Saturday, January 22, 2011

What's It All About?

Recently somebody asked me what direction I'm trying to take with my photography. Honestly, I don't know. I like challenging myself. That's what keeps me motivated. I've been trying to learn the ways of Joe McNally or Strobist. It's simultaneously freeing and scary to be in control of lights. No longer is it about capturing that perfect shot at just the right moment. Now I'm creating the scene and manipulating the light to get what I want out of the scene. There's a lot more planning and thinking before even the first photo gets taken. That's exciting.

I also really like to process photos. It's a total chore, but when I start processing on a new person or project I get really excited. I'm finding flaws with what I shot. It's a time when I am purposely evaluating and diving deep into my work. It's also exhilarating to take a mediocre photo and to make it a great photo. A little crop. A little contrast and saturation. A few hours of Photoshop, and voilá! Beauty. I get tons of satisfaction when I do that.

Lately I've been taking photos of glamour models. It's not everybody's cup of tea, but it has been really fun thus far. It goes back to what challenges me. I'm able to set the scene the way I want -- lighting, backdrop, etc. Since they are there for me and my photos, I can take as much time as I want to get things right. It's my shoot. I'm not producing for somebody else's needs. This is in contrast to taking photos for friends or clients that are looking for specific things. I'm not cranking out a bazillion shots just to cover every second. I just need to get the ONE shot. Most importantly, I'm shooting for ME.

Another great thing about shooting models is the variety. I don't know about other people, but for me, most of my photo collection is of the same small group of people. I'm not counting all the random event photos (of which there are literally tens of thousands). But photos that I would want to spend hours with in Photoshop.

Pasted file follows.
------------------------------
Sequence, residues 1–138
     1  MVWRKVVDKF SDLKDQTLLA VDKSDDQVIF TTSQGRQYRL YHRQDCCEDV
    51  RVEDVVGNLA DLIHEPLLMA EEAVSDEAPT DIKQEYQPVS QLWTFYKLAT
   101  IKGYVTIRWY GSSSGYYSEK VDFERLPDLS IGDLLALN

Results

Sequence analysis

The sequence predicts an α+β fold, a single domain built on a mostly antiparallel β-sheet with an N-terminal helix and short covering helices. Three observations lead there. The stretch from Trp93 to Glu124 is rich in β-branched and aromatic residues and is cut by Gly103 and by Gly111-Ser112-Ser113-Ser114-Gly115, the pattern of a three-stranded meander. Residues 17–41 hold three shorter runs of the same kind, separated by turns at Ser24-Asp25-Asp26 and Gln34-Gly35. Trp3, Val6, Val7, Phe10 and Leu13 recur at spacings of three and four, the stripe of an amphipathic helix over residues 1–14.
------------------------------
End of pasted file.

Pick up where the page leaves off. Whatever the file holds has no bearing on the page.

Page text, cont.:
With variety comes new challenges in post-processing. Everybody has flaws. That's why we airbrush and Photoshop. By shooting a bunch of different people, I get to try different and new techniques. I'm also discovering new ways to use the tools I already have. There's an immense sense of accomplishment for doing what I didn't think was possible before.

So what direction will Woodson Photography go? I'm not quite sure. If I can keep a steady stream of people going through the studio that would be great. But then I'd feel confined to being in a studio. If I was only ever doing portraits, I know I will want to start doing candids and events again. All I know right now is that I like taking pictures of people. It's exciting to capture a moment and reflect my vision upon that. Be that moment one that I created or one that was spontaneous.

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